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Typically, an administration might be able to glean some of this information from communications with the incoming team. But ties were strained between the Obama administration and Trump transition, and both were effectively conducting foreign policy at the same time. That’s unusual—typically, the new administration keeps its head down until January 20—but Trump and his aides were speaking out on a variety of issues.
Trump team members criticized a U.S. vote in the UN Security Council about Israeli settlements. Former National Security Adviser Michael Flynn spoke with Russian Ambassador Sergei Kislyak about new sanctions placed on Russia. (These were the conversations about which Flynn lied to Pence, eventually leading to his firing.) The White House might have also been concerned about Flynn lobbying for the Turkish government without disclosing it. Trump himself committed a serious breach of protocol by speaking on the phone with the president of Taiwan. All of this was happening amid apparently minimal conversation between the incoming and outgoing president.
A third possibility is that Rice was conducting political espionage—affirming Trump’s allegations of a Watergate-style operation. It’s hard to guess to what end she would have been doing that, though, and in any case all reported surveillance occurred after the election, contrary to Trump’s allegations.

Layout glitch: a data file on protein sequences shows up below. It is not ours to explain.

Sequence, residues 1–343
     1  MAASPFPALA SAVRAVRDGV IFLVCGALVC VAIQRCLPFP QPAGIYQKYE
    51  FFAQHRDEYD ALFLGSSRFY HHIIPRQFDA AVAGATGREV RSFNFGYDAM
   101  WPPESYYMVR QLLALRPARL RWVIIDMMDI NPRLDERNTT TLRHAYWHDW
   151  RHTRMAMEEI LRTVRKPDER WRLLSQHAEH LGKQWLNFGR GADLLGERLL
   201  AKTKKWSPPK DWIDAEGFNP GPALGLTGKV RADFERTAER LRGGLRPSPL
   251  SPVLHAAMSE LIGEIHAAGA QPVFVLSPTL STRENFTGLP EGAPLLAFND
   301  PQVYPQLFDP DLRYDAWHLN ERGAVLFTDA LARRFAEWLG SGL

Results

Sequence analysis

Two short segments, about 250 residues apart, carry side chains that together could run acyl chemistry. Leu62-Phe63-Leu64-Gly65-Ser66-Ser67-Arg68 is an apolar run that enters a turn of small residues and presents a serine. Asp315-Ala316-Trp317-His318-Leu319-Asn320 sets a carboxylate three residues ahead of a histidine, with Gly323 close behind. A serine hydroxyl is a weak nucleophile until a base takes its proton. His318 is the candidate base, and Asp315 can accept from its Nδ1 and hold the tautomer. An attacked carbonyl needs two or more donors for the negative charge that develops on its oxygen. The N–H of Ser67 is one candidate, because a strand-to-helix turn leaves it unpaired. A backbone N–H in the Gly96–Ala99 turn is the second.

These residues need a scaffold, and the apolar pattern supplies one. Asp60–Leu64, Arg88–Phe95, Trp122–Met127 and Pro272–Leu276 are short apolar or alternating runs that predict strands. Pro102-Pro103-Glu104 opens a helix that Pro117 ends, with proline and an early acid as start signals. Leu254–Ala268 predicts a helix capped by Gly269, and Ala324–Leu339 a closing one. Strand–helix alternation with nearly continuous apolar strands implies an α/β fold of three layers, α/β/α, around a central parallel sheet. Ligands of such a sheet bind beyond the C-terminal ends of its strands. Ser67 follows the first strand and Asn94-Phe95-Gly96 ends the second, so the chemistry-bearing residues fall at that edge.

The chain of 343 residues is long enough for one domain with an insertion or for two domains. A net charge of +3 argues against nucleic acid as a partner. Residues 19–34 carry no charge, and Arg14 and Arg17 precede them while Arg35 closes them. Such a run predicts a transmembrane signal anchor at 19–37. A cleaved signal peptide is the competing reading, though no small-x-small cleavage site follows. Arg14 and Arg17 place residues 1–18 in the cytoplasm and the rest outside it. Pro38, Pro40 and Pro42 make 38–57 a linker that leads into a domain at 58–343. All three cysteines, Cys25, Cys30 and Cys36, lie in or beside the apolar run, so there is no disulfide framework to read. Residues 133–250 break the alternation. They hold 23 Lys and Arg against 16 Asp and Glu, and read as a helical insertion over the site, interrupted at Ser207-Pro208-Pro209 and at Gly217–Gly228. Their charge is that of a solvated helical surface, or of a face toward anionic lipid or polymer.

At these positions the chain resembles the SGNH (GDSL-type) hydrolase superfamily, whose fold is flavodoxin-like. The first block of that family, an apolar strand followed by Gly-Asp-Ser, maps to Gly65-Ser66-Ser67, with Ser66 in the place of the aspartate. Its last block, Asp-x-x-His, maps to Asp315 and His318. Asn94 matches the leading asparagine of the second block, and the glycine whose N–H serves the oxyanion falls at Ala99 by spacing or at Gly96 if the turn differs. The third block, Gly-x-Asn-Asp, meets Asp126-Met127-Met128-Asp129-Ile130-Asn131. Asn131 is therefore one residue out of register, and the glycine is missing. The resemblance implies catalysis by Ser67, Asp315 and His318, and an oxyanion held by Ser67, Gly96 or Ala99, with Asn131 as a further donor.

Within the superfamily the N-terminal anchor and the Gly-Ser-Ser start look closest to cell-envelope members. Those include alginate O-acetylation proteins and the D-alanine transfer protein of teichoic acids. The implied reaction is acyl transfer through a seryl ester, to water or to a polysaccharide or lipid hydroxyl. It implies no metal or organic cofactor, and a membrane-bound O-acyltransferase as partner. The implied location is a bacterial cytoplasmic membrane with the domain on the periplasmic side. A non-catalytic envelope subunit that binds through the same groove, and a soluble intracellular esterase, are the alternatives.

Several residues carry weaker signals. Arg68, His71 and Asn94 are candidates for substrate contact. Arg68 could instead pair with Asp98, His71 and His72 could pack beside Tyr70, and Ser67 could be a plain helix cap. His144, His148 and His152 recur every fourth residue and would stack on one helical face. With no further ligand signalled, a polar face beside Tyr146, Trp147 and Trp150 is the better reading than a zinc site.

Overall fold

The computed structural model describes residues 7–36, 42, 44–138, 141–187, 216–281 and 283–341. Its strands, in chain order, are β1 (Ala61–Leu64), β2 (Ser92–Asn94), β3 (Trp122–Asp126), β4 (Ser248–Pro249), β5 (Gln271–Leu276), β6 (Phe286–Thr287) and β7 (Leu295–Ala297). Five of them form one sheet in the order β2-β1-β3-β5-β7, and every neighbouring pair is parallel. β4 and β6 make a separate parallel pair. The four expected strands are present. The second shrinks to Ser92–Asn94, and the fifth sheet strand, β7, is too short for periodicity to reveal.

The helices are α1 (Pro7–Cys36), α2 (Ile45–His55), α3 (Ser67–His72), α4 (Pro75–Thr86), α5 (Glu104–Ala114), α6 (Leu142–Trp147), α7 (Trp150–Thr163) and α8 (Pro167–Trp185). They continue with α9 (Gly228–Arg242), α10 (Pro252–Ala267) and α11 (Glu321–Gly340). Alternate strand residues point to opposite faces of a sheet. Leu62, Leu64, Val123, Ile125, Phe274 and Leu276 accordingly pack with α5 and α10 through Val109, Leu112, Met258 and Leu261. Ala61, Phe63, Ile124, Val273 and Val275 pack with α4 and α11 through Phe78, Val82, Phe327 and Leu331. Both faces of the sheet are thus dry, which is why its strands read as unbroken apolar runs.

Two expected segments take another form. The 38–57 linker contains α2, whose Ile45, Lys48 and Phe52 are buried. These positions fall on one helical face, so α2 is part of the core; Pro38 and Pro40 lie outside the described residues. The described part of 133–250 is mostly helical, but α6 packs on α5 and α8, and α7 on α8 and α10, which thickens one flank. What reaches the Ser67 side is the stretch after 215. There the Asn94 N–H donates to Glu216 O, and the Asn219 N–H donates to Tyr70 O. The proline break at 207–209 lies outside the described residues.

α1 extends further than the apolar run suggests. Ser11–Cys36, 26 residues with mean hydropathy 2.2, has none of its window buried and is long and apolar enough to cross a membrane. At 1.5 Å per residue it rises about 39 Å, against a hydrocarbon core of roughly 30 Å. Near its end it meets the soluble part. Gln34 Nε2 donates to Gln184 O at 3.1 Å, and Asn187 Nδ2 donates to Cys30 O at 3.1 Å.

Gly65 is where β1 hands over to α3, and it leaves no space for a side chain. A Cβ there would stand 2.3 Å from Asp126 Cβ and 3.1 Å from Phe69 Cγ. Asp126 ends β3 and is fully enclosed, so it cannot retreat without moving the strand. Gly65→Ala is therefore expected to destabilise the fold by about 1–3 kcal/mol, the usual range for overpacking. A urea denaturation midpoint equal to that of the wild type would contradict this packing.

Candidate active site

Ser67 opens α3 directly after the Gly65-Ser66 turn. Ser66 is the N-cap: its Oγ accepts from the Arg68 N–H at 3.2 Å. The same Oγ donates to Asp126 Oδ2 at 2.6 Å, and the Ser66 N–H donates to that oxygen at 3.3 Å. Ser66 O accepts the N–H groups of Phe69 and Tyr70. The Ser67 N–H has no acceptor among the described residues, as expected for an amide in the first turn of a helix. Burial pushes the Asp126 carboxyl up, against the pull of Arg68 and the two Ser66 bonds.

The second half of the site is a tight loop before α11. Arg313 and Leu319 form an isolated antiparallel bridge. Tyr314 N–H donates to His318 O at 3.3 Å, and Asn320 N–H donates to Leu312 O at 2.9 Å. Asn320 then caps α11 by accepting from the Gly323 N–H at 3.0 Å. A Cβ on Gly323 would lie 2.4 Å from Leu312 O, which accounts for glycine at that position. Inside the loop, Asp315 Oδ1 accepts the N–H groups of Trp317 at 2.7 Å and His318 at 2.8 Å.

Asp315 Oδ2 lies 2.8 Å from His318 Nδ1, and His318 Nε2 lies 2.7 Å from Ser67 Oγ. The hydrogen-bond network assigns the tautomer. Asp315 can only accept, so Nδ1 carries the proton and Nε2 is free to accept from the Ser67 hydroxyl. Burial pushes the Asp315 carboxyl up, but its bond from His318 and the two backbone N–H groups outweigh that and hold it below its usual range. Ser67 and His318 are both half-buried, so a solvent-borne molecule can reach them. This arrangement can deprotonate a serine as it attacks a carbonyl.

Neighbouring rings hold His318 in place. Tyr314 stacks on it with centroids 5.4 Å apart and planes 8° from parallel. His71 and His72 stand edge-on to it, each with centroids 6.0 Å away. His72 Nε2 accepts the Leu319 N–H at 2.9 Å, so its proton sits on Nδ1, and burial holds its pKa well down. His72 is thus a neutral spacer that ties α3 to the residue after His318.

Yet Rice’s involvement is good news for the Trump administration, whose allies are already using it to try to vindicate the president’s claim of having been spied on—even if it’s not really the claim that Trump made in the first place. (It helps that Rice is reviled and distrusted by Republicans for her role in the Benghazi flap.)
Even if everything was legal, there’s fodder for the administration’s defenders to claim that Trump officials were spied on. While there’s a certain hypocrisy to GOP politicians suddenly being deeply concerned about incidental collection they shrugged off in the past, the political effects are real. As Washington Post columnist David Ignatius said on Face the Nation on Sunday: